2. says:

    I had this babysitter named Bernice who also was the postmistress of our wind swept Kansas town My mom would drop me off at the post office which I m pretty sure using the post office as a day care may have been against regulation, but this was small town America Bernice was ultra religious and obsessed with death She had me convinced that she had a pact with GOD that when her time came she would ascend on a cloud in the same manner as Jesus Christ She told me if I prayed fervently I too would receive this magnanimous non death and get my own cloud ride to heaven It was only a matter of weeks later that I robbed the post office My first felony at 4 Bernice was taking an inordinate amount of time in the bathroom and while she was distracted I filled my pockets with every coin from the wooden box cash register and walked the 1 4 of mile home t...


  3. says:

    SoI finally read this..enjoyed it I found myself comparing this book to a new family TV series with Eugene Levy called Schitt s Creek The most entertaining FUNNY show, I ve seen in years The dialogue is hilarious in both White Noise and Schitt s Creek between the parents and kids Jack Gladney s friend, Murray cracked me up He reminded me of one of the characters on Schitt s Creek Most of this book was comical to me From the beginning I was shaking my head What REALLY Jack has been married 4 times What woman in their right mind would marry a man who has been married 3 times before her Jack s wife, Babette, had to be a little bonkers to marry Jack Reading for the blind was a perfect job for her she could relate to blindness first hand It was also funny that Jack worried about not being able the speak German even thou...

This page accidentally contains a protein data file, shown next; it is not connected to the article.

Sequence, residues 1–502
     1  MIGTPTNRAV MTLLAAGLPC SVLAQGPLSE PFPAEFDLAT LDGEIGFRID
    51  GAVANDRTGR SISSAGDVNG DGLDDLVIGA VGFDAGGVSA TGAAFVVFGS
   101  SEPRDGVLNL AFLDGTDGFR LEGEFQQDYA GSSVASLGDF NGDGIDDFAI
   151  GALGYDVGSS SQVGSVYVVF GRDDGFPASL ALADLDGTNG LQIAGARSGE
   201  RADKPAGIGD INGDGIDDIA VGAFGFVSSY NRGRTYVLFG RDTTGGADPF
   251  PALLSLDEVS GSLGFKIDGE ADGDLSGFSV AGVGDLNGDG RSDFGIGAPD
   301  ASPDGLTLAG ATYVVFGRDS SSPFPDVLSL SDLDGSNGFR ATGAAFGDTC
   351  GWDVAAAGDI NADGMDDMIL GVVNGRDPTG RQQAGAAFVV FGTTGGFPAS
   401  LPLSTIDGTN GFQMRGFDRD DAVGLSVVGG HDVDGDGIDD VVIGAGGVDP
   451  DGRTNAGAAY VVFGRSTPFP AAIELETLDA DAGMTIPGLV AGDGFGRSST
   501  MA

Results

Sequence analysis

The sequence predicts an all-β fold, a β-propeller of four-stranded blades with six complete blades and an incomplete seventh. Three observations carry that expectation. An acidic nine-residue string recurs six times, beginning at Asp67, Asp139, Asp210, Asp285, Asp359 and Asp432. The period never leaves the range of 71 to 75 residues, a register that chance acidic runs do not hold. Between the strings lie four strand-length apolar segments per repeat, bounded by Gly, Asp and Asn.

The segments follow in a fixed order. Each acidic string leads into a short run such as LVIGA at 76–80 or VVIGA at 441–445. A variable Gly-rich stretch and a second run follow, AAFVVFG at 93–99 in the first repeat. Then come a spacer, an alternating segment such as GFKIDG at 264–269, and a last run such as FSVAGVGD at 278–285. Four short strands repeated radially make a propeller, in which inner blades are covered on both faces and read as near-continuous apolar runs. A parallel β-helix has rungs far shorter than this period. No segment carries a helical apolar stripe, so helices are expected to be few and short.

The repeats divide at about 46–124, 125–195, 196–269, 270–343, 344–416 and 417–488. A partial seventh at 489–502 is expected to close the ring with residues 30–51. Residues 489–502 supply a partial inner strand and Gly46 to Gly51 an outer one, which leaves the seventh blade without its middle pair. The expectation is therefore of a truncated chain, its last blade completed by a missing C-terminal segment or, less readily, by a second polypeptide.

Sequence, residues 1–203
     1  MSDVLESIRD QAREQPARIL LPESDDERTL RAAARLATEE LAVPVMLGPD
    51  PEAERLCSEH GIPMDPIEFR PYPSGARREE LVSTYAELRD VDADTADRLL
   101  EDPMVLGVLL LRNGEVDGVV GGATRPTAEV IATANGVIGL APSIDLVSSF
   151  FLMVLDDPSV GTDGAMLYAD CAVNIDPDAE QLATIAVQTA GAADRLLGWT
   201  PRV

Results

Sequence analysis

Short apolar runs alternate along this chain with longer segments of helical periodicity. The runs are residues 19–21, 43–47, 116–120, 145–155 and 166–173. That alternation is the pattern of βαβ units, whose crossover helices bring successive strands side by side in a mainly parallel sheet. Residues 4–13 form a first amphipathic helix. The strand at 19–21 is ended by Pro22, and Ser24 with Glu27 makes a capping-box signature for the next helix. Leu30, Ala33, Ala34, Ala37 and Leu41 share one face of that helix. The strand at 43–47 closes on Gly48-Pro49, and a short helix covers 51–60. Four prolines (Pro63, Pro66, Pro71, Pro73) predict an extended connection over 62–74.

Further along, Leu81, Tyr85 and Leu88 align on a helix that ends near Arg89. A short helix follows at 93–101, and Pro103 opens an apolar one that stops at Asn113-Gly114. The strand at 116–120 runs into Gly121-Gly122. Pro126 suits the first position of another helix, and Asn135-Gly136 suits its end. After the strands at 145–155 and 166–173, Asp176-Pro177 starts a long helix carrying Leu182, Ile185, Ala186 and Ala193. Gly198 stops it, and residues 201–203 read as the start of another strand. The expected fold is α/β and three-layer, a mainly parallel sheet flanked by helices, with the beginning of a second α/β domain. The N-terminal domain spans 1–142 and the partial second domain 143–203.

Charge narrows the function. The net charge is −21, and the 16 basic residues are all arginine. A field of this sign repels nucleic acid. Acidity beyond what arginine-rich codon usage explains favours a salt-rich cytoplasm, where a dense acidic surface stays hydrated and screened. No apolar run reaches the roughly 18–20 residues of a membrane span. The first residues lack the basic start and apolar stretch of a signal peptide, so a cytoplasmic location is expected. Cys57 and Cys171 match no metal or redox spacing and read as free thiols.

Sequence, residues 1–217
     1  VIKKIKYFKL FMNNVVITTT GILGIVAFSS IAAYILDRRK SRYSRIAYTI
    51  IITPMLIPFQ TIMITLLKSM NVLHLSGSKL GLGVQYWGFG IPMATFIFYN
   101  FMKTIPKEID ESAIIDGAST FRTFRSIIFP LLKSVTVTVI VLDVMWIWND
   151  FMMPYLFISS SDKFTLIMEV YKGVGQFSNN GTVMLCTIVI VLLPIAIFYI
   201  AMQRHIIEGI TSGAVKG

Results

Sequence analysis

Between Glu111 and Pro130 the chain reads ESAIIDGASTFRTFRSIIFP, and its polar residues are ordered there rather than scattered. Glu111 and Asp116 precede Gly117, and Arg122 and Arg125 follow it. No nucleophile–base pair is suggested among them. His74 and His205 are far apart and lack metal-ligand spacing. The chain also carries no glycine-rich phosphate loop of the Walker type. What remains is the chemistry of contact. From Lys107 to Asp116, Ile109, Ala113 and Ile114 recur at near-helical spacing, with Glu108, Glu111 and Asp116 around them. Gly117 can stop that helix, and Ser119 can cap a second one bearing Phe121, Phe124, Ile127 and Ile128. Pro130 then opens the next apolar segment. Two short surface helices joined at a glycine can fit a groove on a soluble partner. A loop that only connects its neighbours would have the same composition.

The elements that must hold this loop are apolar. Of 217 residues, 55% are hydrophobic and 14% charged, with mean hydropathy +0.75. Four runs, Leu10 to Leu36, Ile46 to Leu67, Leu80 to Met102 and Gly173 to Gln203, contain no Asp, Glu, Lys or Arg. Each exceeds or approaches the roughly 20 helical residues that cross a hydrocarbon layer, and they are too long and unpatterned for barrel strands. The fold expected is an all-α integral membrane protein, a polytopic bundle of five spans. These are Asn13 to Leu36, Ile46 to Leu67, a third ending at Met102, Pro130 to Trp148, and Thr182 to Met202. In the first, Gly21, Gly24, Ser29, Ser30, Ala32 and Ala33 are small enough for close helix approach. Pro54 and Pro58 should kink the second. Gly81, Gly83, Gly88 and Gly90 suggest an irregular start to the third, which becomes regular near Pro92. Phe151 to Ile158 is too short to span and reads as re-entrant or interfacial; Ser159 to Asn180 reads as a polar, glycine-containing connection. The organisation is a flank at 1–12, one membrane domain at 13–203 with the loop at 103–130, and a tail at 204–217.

4. says: